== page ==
Think about that. With the people living in 76% of the world’s land mass, the U.S. enjoyed a surplus of trade of $34 billion in manufactured products. But with the rest of the world – an area less than a third in size – the U.S. was clobbered with a $704 billion deficit! Population density is the determining factor. It’s not low wages. The average purchasing power parity (or “PPP,” a factor roughly analogous to wages) of the densely populated half of nations – those with whom we have the huge deficit – is almost $20,000. The average PPP of the less densely populated nations with whom we enjoy a trade surplus was about $18,000. Wealthy nations were just as likely to appear among the deficit nations as among the surplus nations.
Nor is the other popular scapegoat – “currency manipulation” – a factor. Nearly every currency in the world weakened against the dollar in 2016. (Only 19 nations experienced an increase in the value of their currency.) Among the 19 nations whose currencies rose, we had a deficit in manufactured goods with 8, and a surplus with 11. On average, the deficits worsened by 115%, driven by a huge increase with Madagascar. Remove that anomaly and the deficits actually declined by an average of 8.4% – in line with the currency theory. Among the 11 nations with whom we had a surplus, the surpluses improved on average by 14% – again, in line with the currency theory.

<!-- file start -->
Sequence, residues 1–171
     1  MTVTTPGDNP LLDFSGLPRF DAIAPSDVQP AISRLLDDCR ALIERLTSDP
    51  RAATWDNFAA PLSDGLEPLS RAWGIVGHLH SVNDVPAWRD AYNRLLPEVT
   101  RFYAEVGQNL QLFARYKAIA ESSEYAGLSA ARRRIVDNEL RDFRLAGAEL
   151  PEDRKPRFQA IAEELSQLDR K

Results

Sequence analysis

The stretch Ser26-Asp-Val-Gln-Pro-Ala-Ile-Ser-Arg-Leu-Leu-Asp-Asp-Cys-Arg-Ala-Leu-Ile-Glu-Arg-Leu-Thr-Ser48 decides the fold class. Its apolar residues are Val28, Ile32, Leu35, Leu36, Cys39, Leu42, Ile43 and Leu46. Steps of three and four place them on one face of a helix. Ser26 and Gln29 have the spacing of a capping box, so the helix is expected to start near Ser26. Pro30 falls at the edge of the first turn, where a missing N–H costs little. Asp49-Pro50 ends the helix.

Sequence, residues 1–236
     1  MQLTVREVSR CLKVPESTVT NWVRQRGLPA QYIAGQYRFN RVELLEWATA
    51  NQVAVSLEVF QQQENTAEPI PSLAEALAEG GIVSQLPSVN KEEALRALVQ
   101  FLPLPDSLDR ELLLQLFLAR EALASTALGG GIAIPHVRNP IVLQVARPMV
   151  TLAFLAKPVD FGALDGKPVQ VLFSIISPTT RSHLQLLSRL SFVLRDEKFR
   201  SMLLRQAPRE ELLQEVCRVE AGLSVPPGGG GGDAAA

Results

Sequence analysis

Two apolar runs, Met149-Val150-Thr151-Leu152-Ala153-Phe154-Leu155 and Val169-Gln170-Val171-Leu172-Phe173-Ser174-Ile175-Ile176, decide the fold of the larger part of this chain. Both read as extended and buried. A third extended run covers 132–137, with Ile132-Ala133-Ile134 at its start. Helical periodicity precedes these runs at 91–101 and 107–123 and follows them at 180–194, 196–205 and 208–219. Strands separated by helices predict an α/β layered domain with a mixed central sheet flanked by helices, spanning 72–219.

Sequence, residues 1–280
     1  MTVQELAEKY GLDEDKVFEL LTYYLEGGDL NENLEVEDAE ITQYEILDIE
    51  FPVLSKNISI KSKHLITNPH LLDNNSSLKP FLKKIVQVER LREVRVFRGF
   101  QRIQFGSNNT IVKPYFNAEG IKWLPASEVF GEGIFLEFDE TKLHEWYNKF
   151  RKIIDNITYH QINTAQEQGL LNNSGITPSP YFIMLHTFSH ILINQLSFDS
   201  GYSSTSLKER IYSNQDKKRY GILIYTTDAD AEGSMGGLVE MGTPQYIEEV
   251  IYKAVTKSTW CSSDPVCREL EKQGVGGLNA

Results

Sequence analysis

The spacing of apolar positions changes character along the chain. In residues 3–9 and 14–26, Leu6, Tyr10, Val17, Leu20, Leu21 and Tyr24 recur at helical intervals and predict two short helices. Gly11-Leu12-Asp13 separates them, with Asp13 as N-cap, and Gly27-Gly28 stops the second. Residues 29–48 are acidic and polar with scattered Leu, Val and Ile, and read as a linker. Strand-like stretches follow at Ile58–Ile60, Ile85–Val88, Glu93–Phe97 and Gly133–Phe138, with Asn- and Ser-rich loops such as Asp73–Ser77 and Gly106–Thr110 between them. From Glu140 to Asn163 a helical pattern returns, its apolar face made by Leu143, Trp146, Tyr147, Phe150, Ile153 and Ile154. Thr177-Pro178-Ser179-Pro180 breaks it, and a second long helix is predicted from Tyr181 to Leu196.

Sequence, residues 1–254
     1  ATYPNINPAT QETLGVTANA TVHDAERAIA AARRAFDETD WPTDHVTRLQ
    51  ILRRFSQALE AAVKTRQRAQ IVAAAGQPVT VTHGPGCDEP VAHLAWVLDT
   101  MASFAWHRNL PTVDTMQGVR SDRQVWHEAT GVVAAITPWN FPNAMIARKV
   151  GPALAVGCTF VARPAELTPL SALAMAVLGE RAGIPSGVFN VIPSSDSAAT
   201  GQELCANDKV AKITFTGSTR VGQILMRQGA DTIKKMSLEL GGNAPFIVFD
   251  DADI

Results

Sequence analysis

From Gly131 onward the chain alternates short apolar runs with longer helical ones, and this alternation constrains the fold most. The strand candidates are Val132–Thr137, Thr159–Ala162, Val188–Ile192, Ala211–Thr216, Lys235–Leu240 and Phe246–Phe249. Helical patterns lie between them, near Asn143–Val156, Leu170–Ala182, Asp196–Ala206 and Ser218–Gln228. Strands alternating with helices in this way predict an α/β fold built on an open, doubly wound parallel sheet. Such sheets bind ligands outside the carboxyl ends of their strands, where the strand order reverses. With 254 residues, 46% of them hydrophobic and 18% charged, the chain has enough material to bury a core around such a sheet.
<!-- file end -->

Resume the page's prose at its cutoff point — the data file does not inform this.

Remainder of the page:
However, among the 85 nations who experienced a decline in their currency vs the dollar, we had deficits with 27 of them. On average, those deficits fell by 13.4% – exactly the opposite of what the currency theory would predict. Among the remaining nations with whom we had a surplus, the surplus rose by an average of 33% – again, exactly the opposite of what currency theory predicts.
Therefore, we can conclude that our trade deficit in manufactured goods behaved exactly the opposite of what the “currency theory” would predict 80% of the time. Why? As noted earlier, most currencies fell vs the dollar last year. This happened because the U.S. economy was in better shape than the rest of the world, at least in the minds of investors. That’s what determines currency valuations. Not manipulation. Currency valuation has almost nothing to do with trade imbalances. It affects the profitability of companies operating in different countries, but rarely makes any difference in the balance of trade.
This is absolute proof positive that trade imbalances in manufactured goods are driven by population density and almost nothing else. Any trade policies that don’t take this factor into account are doomed to failure as evidenced by the destruction of the manufacturing sector of America’s economy. The only remedy that offers any hope of turning this situation around is tariffs (or a “border tax,” as the Trump administration likes to call it). Preferably, such tariffs would target only high population density nations like Japan, Germany, China, South Korea and a host of others. Why apply tariffs to low density countries with whom we enjoy surpluses and anger them unnecessarily?
Trump was elected due in large part to his promises to tear up NAFTA and withdraw from the World Trade Organization and begin imposing a “border tax.” It’s time to follow through on those promises while we still have a shred of a manufacturing sector left to build upon.